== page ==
We applied TOW and VW-TOW incorporating the sliding window approaches to analyze the hypertension unrelated individuals'data set of GAW18. To facilitate comparisons among GAW18 contributions, we analyzed only replicate 1 on chromosome 3. To evaluate type I error rates of TOW and VW-TOW, we used all 200 replicates of simulated phenotype data. There are 157 unrelated individuals in the GAW18 pedigree-based sample. Among the 157 individuals, 142 have observations for SBP, DBP, and other demographic/clinical variables at exam 1. Our analysis was based on the 142 individuals and their genotypes, quantitative trait SBP, DBP, and other characteristicsat exam 1.

The total genotyping rate in the 142 individuals is 0.9997. We did not find any duplicated samples or sample contamination. No individual was filtered out from the multidimensional scaling (MDS) analysis. Of the 1,215,399 SNPs on chromosome 3, we removed 251,892 completely missing SNPs and retained 963,507 SNPs for final analysis. Because SBP and DBP varied by sex and increased with age, age and sex were considered as covariates in this study.

*MAP4*, which is the most susceptible gene on chromosome 3 for hypertension. Seven of 9 top variants influencing DBP and 8 of 9 top variants influencing SBP on chromosome 3 were found in or close to our top windows. Tables 1 and 2 show the top 10 most promising windows by TOW that are associated with DBP and SBP, respectively. The

*p*values of TOW in the top 3 windows of Table 1 are very small. SNP 3_47957996, 3_ 47956424, and 3_47957741 are the third, fourth, and ninth variants in Table 2 of the GAW18 answer sheet. They all fell into our third window in Table 1 and the first window in Table 2.

Top 10 most promising windows associated with DBP

WID | Chr | Physical location | Empirical p | Empirical p | Gene | Reference variants |
---|---|---|---|---|---|---|

1 | 3 | 48117215,48121372 | 2.34 × 10 | 0.0005 |
| |

2 | 3 | 48063171,48068858 | 4.95 × 10 | 0.0005 |
| |

3 | 3 | 47957289,47961091 | 4.09 × 10 | 0.0006 |
| 3_47957996 3_47956424 3_47957741 |

4 | 3 | 48034051,48040240 | 1.42 × 10 | 0.001 |
| 3_48040284 3_48040283 |

5 | 3 | 48089115,48094079 | 2.06 × 10 | 0.001 |
| |

6 | 3 | 48005035,48009105 | 2.69 × 10 | 0.0015 |
| |

7 | 3 | 47929938,47935009 | 5.29 × 10 | 0.001 |
| |

8 | 3 | 47912703,47920240 | 9.06 × 10 | 0.001 |
| 3_47913455 |

9 | 3 | 4474736,4477687 | 0.036 | 0.071 |
| 3_45008742 |

10 | 3 | 56871312,56875674 | 0.03 | 0.058 |
| 3_56870810* |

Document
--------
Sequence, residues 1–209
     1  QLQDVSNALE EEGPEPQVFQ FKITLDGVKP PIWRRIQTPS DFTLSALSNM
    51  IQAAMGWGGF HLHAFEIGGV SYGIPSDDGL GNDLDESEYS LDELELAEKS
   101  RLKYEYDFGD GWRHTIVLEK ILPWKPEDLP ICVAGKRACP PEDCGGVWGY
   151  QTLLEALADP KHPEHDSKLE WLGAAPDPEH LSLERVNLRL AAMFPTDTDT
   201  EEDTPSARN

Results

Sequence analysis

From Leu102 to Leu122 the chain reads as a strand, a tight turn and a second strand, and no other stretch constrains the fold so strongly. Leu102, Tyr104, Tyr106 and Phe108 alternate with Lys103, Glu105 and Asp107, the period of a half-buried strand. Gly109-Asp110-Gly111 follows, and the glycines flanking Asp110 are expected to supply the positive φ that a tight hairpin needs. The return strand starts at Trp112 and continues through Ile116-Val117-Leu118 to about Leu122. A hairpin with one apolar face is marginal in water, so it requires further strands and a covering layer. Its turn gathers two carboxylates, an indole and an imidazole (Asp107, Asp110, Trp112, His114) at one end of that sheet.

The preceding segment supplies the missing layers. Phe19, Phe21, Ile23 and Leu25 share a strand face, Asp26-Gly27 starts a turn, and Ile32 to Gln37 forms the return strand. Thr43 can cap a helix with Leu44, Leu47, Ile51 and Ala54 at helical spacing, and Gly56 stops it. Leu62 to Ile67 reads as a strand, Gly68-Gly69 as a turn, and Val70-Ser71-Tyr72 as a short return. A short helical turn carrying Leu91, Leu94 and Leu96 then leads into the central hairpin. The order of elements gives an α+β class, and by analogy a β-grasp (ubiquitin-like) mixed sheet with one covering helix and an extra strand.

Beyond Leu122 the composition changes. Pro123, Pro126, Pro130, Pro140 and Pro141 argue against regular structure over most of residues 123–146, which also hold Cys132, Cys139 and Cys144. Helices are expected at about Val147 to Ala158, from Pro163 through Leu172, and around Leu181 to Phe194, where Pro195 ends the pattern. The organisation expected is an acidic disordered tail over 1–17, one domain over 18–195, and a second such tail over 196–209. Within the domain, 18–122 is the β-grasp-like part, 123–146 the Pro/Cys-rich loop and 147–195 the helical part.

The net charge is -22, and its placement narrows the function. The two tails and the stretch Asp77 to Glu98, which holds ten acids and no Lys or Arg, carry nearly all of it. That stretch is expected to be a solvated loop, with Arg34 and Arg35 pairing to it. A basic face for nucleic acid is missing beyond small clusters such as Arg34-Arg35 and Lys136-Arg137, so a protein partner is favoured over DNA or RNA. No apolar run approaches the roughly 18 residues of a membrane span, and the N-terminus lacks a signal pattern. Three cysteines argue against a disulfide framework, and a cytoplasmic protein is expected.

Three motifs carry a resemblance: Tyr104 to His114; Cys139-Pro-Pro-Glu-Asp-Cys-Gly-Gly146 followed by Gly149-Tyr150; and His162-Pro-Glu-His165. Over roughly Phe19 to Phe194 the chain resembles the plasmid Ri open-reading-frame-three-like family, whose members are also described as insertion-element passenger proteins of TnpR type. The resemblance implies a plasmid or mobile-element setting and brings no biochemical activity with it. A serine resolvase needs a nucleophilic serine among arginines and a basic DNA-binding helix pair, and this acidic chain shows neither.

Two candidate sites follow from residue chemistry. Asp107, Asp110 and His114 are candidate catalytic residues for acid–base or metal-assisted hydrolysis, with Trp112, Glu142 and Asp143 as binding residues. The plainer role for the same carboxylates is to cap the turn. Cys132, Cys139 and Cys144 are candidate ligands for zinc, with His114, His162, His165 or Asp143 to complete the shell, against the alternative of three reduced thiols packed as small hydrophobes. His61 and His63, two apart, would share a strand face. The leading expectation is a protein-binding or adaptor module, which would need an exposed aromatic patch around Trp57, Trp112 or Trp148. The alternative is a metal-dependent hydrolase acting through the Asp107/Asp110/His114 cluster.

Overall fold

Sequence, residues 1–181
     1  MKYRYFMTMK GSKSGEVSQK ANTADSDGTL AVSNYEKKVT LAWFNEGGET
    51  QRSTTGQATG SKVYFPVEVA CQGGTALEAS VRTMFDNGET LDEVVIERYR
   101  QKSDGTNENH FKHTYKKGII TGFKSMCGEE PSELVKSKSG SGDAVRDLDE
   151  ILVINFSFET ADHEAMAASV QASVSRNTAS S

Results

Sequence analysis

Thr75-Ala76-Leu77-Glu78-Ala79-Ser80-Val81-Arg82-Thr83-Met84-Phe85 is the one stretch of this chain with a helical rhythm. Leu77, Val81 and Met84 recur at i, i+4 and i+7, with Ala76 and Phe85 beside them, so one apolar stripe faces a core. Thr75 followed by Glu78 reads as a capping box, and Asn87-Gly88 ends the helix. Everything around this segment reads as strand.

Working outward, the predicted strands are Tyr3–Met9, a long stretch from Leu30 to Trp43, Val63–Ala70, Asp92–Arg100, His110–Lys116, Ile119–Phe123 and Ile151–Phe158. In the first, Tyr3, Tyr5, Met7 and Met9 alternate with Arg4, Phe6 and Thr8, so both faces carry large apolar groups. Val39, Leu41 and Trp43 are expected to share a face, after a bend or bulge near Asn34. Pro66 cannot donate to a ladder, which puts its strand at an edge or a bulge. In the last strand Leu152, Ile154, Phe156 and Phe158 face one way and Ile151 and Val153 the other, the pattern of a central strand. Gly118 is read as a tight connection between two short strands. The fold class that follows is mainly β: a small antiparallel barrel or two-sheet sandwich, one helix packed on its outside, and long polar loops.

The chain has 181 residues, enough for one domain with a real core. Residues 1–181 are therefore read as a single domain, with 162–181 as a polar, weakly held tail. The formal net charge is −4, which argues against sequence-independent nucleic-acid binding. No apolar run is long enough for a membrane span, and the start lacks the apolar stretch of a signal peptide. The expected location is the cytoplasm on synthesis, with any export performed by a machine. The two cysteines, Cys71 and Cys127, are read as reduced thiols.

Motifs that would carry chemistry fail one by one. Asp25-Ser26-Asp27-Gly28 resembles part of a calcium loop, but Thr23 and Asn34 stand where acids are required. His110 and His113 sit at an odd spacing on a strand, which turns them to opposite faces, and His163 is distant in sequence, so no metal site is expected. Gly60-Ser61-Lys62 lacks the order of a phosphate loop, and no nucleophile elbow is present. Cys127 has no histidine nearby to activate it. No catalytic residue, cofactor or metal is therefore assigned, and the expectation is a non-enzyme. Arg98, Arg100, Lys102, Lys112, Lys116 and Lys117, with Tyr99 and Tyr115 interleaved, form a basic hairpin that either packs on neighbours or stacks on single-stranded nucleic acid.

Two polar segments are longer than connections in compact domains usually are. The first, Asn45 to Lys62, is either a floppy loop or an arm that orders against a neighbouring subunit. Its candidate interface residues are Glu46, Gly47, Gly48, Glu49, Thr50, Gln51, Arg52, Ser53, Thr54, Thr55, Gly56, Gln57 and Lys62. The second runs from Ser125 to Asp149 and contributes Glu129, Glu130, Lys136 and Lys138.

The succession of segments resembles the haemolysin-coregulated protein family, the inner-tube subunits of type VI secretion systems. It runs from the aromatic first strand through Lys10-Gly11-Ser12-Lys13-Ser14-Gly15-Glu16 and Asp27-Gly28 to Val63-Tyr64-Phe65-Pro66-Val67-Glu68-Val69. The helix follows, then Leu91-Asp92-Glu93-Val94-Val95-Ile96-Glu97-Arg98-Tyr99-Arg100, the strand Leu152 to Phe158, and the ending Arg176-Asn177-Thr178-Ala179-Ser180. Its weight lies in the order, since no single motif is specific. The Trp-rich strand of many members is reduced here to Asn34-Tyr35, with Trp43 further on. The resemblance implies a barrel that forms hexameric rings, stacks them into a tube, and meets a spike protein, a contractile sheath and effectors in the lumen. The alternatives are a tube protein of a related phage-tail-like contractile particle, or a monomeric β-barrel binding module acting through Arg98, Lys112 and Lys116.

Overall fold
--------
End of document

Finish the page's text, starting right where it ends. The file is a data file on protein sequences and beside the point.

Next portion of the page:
Top 10 most promising windows associated with SBP

WID | Chr | Physical location | Empirical p | Empirical p | Gene | Reference variants |
---|---|---|---|---|---|---|

1 | 3 | 47957289,47961091 | 0.005 | 0.004 |
| 3_47957996 3_47956424 3_47957741 |

2 | 3 | 48034051,48040240 | 0.003 | 0.007 |
| |

3 | 3 | 47990787,47999337 | 0.01 | 0.013 |
| |

4 | 3 | 48040283,48046708 | 0.02 | 0.01 |
| 3_48040284 3_48040283 |

5 | 3 | 47912703,47920240 | 0.03 | 0.017 |
| 3_47913455 |

6 | 3 | 48121395,48126740 | 0.015 | 0.032 |
| |

7 | 3 | 47929938,47935009 | 0.025 | 0.04 |
| |

8 | 3 | 48063171,48068858 | 0.015 | 0.01 |
| |

9 | 3 | 58104877,58108614 | 0.01 | 0.031 |
| 3_58109162 |

10 | 3 | 15664089,15667215 | 0.039 | 0.011 |
| 3_15686693 |

*p*value for each replicate and each block. Figure 1 shows the histograms of TOW and VW-TOW. The histograms indicate that the type I error rates of both TOW and VW-TOW are under control.

## Discussion

In this article, we proposed a sliding-window-based optimal weighted approach to test for the effects of both rare and common variants across the whole genome. In each window, our recently developed TOW and VW-TOW were applied to test genetic association between a disease and a combination of variants. Then, we applied the method to unrelated individuals of GAW18 on replicate 1, chromosome 3. We detected 3 susceptible windows across chromosome 3 for DBP and identified 10 out of 48,176 windows as the most promising windows for DBP and SBP. Becausethis is a simulated dataset, it is possible that the other genes identified were not listed in the top 10 windows but are actually related to SBP or DBP.

In this study, we use each window of size 20 across the entire chromosome 3. How to choose an appropriate window size is a critical question. We evaluated the effect of window size by running window sizes at 30, 40, and 50, respectively. However, the power of TOW was not increased when using a larger window size. Although the power of VW-TOW was slightly increased when using a larger window size, no window can pass the entire chromosome 3 Bonferroni-corrected threshold.

TOW and VW-TOW can be robust to population stratification by adjusting the first $K$ principalcomponents (PCs) of genotypes at genomic markers as covariates when calculating the residuals of trait and of genotype matrix. In this GAW18 data analysis, we did not adjust for PCsbecausewe believed that population stratification was not severe in this data based on our MDS analysis.

*MAP4*and DBP. The

*MAP4*was split into 44 windows (blocks) with 20 variants in each window. In each window, we calculated the power of each method based on 200 replicates. The power comparisons based on phenotype measurement DBP are given in Figure 2. This figure shows that in most of the windows, TOW is the most powerful test; VW-TOW is the second most powerful test.

## Notes

## Declarations

### Acknowledgements

We thank Dr. Claire L. Simpson (funded by the Intramural Research Program of the National Human Genome Research Institute, National Institutes of Health) for helpful PLINK format GAW18 genotype data. QS and SZ were supported by the National Human Genome Research Institute of the National Institutes of Health under Award Number R03HG006155. The content is solely the responsibility of the authors and does not necessarily represent the official views of the National Institutes of Health.

The GAW18 whole genome sequence data were provided by the T2D-GENES Consortium, which is supported by NIH grants U01 DK085524, U01 DK085584, U01 DK085501, U01 DK085526, and U01 DK085545. The other genetic and phenotypic data for GAW18 were provided by the San Antonio Family Heart Study and San Antonio Family Diabetes/Gallbladder Study, which are supported by NIH grants P01 HL045222, R01 DK047482, and R01 DK053889. The Genetic Analysis Workshop is supported by NIH grant R01 GM031575.

This article has been published as part of *BMC Proceedings* Volume 8 Supplement 1, 2014: Genetic Analysis Workshop 18. The full contents of the supplement are available online at http://www.biomedcentral.com/bmcproc/supplements/8/S1. Publication charges for this supplement were funded by the Texas Biomedical Research Institute.

## Authors’ Affiliations